Friday, October 8, 2010

Dear Doctor and the doctor's response.

The following is a letter that was written by a fellow survivor, friend, and author Betsy de Parry, this letter is in my opinion one of the best written letters a cancer survivor could write to their doctor. Shortly after the letter was published in Betsy's cololm The Roller Coaster Chronicles,Life and Cancer, on Ann she got the response that follows her letter on here by Dr. Gary Hammer, world-renowned adrenal cancer specialist at the University of Michigan Comprehensive Cancer Center.

I fully intend on printing and giving a copy of Betsy's letter to all of the doctors that are part of my team, so here they are, Enjoy!

Dear Doctor,

Here we are, you and me, our lives connected by cancer. My cancer. Under the circumstances, I’m really glad to have you in my life, and I want our relationship to be very, very long and very, very good, but since I can’t find a manual on how to build our relationship, I’m guessing that, like any good one, it has to start with trust.

But trust takes time, which we don’t have, so I have some things to ask and say.

First, just what am I trusting in you? That you’re brilliant, cool under pressure, experienced, knowledgable and up-to-date on the latest miracles of modern science for my type of cancer? That you won’t be too proud to call in colleagues or send me to them if you get stumped or run out of ideas? That you’ll always be honest with me no matter how hard it is for you or me? That you’ll help me set realistic expectations without ever stealing my hope? That you’ll be my strength if I’m too weak to be strong? That you won’t give up on me if the going gets rough and it looks like I won’t be one of your success stories?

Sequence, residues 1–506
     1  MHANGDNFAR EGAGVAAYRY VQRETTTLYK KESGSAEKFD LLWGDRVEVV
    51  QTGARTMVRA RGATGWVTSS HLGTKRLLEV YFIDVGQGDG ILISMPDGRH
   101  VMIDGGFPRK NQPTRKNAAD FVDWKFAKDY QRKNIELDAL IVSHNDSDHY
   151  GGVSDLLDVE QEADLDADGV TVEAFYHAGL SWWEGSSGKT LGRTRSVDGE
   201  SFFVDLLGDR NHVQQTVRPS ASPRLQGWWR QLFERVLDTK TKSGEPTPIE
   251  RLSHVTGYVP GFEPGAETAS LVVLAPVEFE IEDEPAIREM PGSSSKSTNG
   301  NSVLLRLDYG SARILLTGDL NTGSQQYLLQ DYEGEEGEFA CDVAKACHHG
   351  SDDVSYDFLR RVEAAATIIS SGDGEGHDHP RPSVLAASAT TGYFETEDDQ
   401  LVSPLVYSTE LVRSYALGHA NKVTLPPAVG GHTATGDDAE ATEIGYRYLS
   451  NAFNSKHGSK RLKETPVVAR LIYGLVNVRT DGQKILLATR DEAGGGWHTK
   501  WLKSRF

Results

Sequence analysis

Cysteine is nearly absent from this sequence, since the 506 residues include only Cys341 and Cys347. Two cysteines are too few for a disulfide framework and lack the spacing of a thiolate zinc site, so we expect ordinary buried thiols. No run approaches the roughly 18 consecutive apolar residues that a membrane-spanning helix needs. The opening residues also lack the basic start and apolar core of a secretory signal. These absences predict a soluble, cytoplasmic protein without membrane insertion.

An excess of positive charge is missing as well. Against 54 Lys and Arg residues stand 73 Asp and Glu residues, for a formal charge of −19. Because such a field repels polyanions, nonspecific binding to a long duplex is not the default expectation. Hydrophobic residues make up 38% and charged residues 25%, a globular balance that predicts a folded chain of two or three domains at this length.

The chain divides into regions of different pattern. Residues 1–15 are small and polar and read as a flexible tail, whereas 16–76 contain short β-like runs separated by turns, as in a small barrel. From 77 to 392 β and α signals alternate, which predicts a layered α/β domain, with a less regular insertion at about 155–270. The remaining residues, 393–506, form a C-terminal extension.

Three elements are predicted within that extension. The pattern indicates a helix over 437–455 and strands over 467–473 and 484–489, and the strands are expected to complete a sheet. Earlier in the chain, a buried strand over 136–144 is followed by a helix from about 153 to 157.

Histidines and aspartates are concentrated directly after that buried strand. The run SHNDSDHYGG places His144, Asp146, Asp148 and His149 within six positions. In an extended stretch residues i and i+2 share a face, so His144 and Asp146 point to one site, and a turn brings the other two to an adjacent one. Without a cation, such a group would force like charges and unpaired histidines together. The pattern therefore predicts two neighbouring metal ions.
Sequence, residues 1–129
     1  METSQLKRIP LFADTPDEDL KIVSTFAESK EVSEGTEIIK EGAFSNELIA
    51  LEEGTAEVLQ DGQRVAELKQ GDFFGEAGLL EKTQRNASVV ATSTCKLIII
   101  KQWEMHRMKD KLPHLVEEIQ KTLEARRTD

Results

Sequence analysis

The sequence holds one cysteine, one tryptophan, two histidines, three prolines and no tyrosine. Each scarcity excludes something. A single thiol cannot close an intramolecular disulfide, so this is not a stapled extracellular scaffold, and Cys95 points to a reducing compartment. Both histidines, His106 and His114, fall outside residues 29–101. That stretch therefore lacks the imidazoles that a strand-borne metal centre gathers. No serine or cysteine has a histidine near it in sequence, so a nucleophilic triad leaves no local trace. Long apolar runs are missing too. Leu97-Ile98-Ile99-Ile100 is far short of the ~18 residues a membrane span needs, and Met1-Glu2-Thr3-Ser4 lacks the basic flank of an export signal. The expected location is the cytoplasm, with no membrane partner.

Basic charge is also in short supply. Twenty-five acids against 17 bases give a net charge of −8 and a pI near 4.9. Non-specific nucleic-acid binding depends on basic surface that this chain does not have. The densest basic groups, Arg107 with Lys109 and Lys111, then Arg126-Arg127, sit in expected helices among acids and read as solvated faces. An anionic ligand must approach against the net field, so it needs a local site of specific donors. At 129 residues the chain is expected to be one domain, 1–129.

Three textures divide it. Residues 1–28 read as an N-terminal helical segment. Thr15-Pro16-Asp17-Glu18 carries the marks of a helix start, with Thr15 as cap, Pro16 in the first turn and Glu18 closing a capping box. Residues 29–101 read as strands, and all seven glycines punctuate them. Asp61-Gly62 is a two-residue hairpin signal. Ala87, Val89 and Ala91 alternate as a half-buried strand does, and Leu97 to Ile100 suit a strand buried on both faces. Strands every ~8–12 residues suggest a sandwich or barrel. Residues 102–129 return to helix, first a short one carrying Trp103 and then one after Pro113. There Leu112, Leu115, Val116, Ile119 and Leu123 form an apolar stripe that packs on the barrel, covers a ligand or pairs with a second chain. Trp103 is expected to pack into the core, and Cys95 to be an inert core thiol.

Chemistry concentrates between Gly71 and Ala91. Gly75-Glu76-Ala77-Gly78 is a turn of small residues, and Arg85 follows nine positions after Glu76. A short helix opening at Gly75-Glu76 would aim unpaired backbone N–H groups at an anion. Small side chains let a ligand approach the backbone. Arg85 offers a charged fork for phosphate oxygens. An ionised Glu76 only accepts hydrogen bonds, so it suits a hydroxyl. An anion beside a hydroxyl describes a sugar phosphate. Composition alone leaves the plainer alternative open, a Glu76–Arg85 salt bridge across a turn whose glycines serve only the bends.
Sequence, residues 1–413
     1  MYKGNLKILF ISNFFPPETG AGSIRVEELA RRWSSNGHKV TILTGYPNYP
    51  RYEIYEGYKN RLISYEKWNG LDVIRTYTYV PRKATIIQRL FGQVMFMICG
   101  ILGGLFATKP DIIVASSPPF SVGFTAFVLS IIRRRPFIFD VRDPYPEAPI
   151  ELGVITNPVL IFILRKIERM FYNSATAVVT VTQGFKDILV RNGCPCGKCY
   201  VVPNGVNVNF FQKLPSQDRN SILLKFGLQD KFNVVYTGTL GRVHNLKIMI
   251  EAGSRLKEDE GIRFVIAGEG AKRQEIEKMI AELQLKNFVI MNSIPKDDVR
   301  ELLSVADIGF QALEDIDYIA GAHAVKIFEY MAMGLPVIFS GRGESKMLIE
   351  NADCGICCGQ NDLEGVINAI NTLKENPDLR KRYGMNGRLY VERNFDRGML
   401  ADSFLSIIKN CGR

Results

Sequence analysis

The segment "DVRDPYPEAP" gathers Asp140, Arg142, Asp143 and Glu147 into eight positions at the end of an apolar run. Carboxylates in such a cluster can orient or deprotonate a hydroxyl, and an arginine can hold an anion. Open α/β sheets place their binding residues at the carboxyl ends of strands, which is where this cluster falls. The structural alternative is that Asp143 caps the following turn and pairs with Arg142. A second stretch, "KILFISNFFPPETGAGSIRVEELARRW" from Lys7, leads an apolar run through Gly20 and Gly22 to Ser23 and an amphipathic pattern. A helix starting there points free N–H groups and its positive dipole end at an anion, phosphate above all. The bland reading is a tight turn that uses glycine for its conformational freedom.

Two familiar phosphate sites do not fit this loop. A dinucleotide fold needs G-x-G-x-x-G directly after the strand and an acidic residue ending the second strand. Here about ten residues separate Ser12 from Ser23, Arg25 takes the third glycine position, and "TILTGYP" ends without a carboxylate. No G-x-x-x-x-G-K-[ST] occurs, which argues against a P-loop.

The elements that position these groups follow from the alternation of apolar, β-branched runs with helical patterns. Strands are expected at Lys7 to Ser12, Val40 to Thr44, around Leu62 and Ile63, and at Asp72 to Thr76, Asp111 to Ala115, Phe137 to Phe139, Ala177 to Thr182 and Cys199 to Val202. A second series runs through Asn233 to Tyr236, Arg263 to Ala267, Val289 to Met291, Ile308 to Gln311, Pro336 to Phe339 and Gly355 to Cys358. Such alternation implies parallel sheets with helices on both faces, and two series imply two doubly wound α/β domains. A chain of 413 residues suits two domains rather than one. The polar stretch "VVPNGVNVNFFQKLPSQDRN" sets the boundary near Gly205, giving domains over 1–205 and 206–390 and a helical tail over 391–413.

Do you understand that it’s hard enough to put my trust in you, but even harder to put blind faith in the people I can’t see but on whom you rely? Like the pathologists who look at tiny pieces of me or the radiologists who interpret pictures of my innards. You may know their credentials, but I don't.

I get that you went to medical school to learn how to identify and treat disease, not to listen to me blather on about how cancer is more than a physical problem. That it’s really personal. That it sweeps us patients and our families into a tempest of confusion, fear, frustration, vulnerability and isolation from the healthy world. I’ll try very hard to check those emotions at the door when you and I visit, but if they creep into the examining room, is it too much to ask you to recognize that I’m not just a collection of cells that needs to be fixed while you work to fix my wayward cells?

And Doc, surely you know that your sophisticated equipment can’t see the parts of me that make me who I am. And I am not my cancer. No machine can identify the parts that make me love and laugh. And none can calculate how very afraid I am. Of what lies ahead. Of dying. Of pain. Of medical procedures. And of becoming a number in a bureaucracy where no one will care whether I end up running a marathon or being turned over in a bed like a piece of meat on a rotisserie. Could you occasionally share my fear and shore up my hope?